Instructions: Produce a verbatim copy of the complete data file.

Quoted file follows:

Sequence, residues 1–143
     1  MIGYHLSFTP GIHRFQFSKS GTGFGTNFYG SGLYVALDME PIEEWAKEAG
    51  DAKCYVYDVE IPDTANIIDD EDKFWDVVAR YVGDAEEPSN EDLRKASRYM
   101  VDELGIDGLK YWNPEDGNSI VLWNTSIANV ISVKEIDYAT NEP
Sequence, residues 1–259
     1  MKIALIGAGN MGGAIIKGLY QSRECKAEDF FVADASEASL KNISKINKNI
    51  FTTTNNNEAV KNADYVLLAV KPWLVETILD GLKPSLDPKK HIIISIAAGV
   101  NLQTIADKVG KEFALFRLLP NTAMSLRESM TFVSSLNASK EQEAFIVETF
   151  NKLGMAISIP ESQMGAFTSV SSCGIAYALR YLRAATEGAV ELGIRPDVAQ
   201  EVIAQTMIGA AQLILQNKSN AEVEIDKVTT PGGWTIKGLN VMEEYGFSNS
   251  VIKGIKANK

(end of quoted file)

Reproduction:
Sequence, residues 1–143
     1  MIGYHLSFTP GIHRFQFSKS GTGFGTNFYG SGLYVALDME PIEEWAKEAG
    51  DAKCYVYDVE IPDTANIIDD EDKFWDVVAR YVGDAEEPSN EDLRKASRYM
   101  VDELGIDGLK YWNPEDGNSI VLWNTSIANV ISVKEIDYAT NEP
Sequence, residues 1–259
     1  MKIALIGAGN MGGAIIKGLY QSRECKAEDF FVADASEASL KNISKINKNI
    51  FTTTNNNEAV KNADYVLLAV KPWLVETILD GLKPSLDPKK HIIISIAAGV
   101  NLQTIADKVG KEFALFRLLP NTAMSLRESM TFVSSLNASK EQEAFIVETF
   151  NKLGMAISIP ESQMGAFTSV SSCGIAYALR YLRAATEGAV ELGIRPDVAQ
   201  EVIAQTMIGA AQLILQNKSN AEVEIDKVTT PGGWTIKGLN VMEEYGFSNS
   251  VIKGIKANK